title="Permanent Link to Call of Duty: Advanced Warfare multiplayer preview: robo-suits, new maps and an advanced wardrobe">
Comparisons to Titanfall were inevitable after Call of Duty: Advanced Warfare's multiplayer was revealed last week, but Sledgehammer have been playing with Advanced Warfare's jump-thrust move shortly after finishing work on Modern Warfare 3 in 2011, and Tribes fans will tell you that Titanfall hardly has dibs on the jetpack shooter. While the new exoskeleton movement options are interesting, I'm more excited about what they can do to refresh the design of Call of Duty's multiplayer maps.
The Call of Duty multiplayer experience has remained largely unchanged since the dawn of the Modern Warfare era. The opportunistic run-and-gun through flat, crumbling maps started to feel rote back in Black Ops 2, a game that could have done with a map like Advanced Warfare's Riot. Granted, it's also a crumbling concrete facility a prison, in fact but it's built around tiered structures and guard towers that make use of the exoskeleton's new jumping abilities. Like a couple of the other maps Sledgehammer showed, there's a quirk: The prison's high tech inmate monitoring system is still active, which means sensors at the top of guard towers draw laser pointers to passing soldiers.
Riot was actually one of the plainer maps. The others showed at Gamescom move away from the bleached urban aesthetic to something shinier, reminiscent of some of CoD's quirkier, more colourful DLC packs. There's a map set in the terminal of a space elevator which is bright, airy and layered with gantries and intricate spaceport corridors. Advanced Warfare will include a mode that bans exosuits, but I wonder if these maps will still be fun if you're flightless. The need to cater to the legions of fans who love the standard CoD formula is understandable, but once you've experienced extra speed and super-jumps bursts of flight, why go back?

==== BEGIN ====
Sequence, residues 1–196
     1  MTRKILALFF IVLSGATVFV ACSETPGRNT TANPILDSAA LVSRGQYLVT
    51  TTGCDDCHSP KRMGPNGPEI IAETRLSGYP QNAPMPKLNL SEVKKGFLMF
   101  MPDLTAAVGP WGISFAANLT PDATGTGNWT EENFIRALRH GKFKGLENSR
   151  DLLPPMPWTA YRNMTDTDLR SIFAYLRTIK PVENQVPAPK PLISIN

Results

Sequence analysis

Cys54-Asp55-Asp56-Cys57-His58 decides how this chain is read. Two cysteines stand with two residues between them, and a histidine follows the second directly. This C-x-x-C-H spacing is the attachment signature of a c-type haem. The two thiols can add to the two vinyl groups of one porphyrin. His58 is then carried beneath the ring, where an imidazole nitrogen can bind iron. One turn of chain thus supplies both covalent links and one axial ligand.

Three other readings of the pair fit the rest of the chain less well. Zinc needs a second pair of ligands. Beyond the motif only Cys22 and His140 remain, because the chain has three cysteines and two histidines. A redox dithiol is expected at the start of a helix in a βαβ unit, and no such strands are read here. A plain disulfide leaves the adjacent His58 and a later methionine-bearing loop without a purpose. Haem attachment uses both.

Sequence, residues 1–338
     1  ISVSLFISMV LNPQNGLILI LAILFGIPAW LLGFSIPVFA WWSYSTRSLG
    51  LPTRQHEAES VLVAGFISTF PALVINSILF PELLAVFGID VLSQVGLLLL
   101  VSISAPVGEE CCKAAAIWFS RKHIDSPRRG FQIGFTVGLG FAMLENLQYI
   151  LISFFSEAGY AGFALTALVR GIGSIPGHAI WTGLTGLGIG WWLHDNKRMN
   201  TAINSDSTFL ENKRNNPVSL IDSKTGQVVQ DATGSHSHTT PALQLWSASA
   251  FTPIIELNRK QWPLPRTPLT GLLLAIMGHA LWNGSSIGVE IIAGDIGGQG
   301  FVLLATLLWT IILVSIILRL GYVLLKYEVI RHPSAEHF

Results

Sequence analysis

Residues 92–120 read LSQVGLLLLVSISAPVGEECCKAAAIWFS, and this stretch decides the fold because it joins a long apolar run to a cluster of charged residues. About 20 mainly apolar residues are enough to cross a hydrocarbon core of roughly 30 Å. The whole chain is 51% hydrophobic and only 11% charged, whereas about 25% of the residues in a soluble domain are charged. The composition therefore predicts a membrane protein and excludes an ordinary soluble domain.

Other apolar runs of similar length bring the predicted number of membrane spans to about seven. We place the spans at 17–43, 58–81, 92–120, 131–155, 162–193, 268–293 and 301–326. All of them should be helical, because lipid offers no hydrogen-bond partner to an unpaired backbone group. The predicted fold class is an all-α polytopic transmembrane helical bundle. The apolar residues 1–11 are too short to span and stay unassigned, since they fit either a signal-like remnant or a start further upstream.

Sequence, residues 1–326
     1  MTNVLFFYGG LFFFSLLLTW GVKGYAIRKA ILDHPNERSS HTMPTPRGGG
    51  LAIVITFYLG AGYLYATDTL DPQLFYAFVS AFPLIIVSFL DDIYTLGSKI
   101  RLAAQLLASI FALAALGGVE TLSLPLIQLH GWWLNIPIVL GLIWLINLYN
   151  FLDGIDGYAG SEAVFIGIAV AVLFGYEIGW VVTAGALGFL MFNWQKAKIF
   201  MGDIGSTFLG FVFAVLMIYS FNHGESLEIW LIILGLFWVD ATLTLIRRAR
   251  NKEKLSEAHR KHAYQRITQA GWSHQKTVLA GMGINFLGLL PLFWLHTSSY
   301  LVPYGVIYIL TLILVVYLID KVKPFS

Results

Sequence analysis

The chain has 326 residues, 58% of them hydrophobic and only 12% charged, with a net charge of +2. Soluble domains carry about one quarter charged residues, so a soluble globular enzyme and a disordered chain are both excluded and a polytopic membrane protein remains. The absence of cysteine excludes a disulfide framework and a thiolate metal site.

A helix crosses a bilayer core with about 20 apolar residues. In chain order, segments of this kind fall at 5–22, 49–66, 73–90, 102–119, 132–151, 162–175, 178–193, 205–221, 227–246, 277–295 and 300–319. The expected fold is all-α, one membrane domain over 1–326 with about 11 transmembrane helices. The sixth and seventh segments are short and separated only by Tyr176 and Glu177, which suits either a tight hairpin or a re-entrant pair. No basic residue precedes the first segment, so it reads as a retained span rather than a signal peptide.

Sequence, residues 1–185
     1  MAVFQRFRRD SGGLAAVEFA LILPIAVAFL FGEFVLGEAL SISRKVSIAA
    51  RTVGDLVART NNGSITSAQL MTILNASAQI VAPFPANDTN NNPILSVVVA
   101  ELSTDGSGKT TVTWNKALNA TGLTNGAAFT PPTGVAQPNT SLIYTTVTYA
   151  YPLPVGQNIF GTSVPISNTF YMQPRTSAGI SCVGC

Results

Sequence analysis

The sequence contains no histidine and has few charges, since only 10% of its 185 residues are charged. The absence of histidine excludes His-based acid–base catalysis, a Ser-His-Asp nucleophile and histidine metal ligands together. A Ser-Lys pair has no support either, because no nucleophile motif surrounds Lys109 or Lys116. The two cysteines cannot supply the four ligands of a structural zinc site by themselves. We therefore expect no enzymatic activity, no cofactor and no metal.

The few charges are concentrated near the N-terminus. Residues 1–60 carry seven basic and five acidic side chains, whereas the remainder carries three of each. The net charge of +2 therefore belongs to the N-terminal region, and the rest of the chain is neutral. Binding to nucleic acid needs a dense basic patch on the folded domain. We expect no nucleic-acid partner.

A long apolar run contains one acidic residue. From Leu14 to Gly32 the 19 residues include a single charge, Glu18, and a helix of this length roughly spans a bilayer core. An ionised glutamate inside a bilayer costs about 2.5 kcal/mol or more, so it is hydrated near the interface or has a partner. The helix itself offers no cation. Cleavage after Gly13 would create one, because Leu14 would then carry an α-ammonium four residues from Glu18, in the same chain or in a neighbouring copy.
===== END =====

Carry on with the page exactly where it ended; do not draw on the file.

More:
This year you can customise your soldier with with dozens of facemasks, armour plates and colour schemes and tailor your loadout with a "pick 13" system, mirroring Black Op's "pick 10". You get 13 points you can devote to weapon attachments, special exosuit abilities like cloaks and shields, and kill streak rewards. More options can be unlocked by ranking up.
Leveling systems in shooters can hide the game's most interesting weapons and strategies behind layers of grind (see Battlfield, Payday 2), but the sheer amount of stuff packed into Advanced Warfare's customisation system is encouraging. As long as the leveling curve is fast, the expanded unlock system could provide valuable context and rewards for each 10-20 minute battle for those who don't care about 'prestiging' the practice of reaching the CoD's level cap and then resetting for a badge.
I'm quite excited about Advanced Warfare this year, for the multiplayer, at least. The single player may have Spacey, but in spite of the high-tech gubbins the set pieces look samey and predictable. I've never had a fun game of Battlefield 4, Battlefield Hardline leaves me cold and Titanfall is great, but lacks staying power. CoD could sweep the board this year. On the multiplayer side, it's the most exciting entry in the series for years.
Advanced Warfare is due out on November 4.